A Syrian family living in the southern Turkish city gives a moving goodbye letter to their neighbors after living next door for two years

Farewell Message Left by Syrian Family in Gaziantep Inspires Neighbors

Farewell Message Left by Syrian Family in Gaziantep Inspires Neighbors

Enab Baladi Enab Baladi
Gaziantep-Enab-Baladi.jpg

A farewell message written by Syrians to their neighbors has inspired positive reactions after a warm, “nearly silent” relationship throughout two years living in the same building in the southern Turkish city of Gaziantep.

The family, composed of a couple, their son, his wife, and three grandchildren, took shelter in the city after fleeing from Aleppo two years ago. Before their move to their new house, they did not forget the kindness of their neighbors and left a farewell message, according to a Turkish newspaper on Thursday, April 14.

The farewell message was written by hand on a decorated piece of cardboard and posted in the entryway of the building. The message said: “We are very happy that God blessed us with neighbors like you. If there is anything that makes us sad, it is that we will be far away from our good-hearted neighbors.”

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The newspaper quoted a resident of the building as saying, “We communicated sometimes in sign language and some other times through a neighbor who spoke Arabic. Our Syrian neighbors may have written the message through one of the grandchildren who are going to school.”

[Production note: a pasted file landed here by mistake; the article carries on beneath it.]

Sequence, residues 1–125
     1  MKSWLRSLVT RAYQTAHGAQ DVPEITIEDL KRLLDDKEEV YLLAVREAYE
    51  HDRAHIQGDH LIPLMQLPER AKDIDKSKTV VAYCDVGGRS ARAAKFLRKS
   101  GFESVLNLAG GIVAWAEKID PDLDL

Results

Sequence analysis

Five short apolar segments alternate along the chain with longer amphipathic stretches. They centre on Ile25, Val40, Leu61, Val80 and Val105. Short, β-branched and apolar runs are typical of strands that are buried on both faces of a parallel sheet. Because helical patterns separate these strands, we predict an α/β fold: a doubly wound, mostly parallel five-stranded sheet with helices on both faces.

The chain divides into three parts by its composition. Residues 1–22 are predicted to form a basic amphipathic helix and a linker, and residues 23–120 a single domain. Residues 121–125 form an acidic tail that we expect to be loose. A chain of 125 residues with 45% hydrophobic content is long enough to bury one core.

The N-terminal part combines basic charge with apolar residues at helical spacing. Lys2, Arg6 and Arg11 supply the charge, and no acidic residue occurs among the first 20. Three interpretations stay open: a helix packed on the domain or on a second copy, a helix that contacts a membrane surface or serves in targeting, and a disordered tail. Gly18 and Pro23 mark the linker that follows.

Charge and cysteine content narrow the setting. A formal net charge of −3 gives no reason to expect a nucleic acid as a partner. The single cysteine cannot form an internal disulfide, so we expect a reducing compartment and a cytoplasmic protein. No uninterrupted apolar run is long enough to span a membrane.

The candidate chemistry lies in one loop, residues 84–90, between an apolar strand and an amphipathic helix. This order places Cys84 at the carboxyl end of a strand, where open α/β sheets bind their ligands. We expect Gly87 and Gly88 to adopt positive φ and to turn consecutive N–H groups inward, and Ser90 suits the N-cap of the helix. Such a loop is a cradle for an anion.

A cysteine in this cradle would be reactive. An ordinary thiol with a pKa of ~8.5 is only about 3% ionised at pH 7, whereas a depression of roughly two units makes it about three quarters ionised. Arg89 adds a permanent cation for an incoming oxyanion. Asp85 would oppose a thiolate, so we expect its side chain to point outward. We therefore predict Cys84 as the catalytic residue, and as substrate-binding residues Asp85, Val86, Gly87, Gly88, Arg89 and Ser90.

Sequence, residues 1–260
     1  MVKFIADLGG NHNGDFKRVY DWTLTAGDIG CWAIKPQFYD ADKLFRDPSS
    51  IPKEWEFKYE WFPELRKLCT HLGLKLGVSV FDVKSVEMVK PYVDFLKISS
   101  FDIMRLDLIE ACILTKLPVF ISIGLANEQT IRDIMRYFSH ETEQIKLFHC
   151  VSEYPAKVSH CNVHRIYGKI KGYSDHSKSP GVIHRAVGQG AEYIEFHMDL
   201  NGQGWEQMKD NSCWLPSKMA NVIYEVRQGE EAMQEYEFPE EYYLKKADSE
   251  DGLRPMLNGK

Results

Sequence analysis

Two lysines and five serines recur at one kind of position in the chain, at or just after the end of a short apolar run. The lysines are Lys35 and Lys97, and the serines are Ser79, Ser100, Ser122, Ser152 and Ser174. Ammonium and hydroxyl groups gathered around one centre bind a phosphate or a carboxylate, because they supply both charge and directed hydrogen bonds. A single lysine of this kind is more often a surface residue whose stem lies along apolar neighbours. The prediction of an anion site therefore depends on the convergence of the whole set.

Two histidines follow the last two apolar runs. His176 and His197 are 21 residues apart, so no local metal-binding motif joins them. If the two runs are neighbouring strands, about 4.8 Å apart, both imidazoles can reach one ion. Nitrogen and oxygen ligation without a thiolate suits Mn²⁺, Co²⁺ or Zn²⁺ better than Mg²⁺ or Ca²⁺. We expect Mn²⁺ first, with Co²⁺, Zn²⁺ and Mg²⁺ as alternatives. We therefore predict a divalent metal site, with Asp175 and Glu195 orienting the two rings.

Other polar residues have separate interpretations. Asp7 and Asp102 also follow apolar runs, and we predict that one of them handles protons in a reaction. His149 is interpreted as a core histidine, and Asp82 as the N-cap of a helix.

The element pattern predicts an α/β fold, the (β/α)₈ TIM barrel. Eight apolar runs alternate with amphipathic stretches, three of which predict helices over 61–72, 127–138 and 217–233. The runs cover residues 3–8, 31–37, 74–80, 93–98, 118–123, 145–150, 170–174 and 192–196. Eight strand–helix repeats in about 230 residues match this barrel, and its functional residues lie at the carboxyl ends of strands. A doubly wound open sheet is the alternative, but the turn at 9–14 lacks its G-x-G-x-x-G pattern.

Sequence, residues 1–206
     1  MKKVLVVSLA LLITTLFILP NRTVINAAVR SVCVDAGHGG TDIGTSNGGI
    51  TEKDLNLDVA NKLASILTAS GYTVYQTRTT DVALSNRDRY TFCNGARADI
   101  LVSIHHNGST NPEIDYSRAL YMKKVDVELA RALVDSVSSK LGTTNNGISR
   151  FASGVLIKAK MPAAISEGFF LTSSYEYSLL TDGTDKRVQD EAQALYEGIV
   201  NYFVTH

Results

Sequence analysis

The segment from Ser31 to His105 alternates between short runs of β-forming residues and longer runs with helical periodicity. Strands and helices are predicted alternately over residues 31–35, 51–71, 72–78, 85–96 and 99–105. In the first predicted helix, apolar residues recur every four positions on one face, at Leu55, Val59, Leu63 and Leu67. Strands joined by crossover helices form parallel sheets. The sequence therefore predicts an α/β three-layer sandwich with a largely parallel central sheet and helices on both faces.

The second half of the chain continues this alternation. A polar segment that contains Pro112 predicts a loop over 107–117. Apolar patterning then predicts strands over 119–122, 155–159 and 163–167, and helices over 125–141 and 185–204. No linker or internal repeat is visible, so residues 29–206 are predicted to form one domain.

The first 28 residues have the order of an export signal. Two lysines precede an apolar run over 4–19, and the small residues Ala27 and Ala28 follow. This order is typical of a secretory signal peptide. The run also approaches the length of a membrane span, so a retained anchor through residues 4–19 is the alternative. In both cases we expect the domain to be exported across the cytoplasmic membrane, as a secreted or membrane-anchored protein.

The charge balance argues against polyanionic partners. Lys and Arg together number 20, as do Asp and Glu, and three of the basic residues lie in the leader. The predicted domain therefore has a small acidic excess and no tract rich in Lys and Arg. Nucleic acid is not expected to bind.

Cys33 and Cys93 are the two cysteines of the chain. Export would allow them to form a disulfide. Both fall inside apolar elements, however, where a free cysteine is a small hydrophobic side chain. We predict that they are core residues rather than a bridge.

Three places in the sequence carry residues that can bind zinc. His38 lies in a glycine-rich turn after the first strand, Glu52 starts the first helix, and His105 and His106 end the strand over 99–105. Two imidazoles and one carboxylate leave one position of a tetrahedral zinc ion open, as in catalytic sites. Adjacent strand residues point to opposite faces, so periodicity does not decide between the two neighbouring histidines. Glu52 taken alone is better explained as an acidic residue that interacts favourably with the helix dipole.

The message said: “Our beloved neighbors … Our time with you over two years was very beautiful. During this period we wanted badly to learn the Turkish language to get to know you better, but unfortunately we did not succeed in that.”

The final lines said: “We loved you greatly and offer our apologies if we or our children created any bother, may God bless and preserve you. God protect the Turks and Turkey … your Syrian neighbors.”

According to the Turkish immigration authority, 325,000 Syrians are living in Gaziantep, amid efforts to integrate two culturally and linguistically different peoples.

This article was translated and edited by The Syrian Observer. Responsibility for the information and views set out in this article lies entirely with the author.

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